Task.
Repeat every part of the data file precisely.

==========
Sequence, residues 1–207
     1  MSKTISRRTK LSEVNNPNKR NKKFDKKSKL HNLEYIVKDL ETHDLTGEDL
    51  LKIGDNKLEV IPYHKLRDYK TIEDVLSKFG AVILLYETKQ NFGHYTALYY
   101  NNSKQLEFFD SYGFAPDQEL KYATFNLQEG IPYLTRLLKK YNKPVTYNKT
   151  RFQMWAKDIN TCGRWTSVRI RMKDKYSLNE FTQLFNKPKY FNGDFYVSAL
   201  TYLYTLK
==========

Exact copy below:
Sequence, residues 1–207
     1  MSKTISRRTK LSEVNNPNKR NKKFDKKSKL HNLEYIVKDL ETHDLTGEDL
    51  LKIGDNKLEV IPYHKLRDYK TIEDVLSKFG AVILLYETKQ NFGHYTALYY
   101  NNSKQLEFFD SYGFAPDQEL KYATFNLQEG IPYLTRLLKK YNKPVTYNKT
   151  RFQMWAKDIN TCGRWTSVRI RMKDKYSLNE FTQLFNKPKY FNGDFYVSAL
   201  TYLYTLK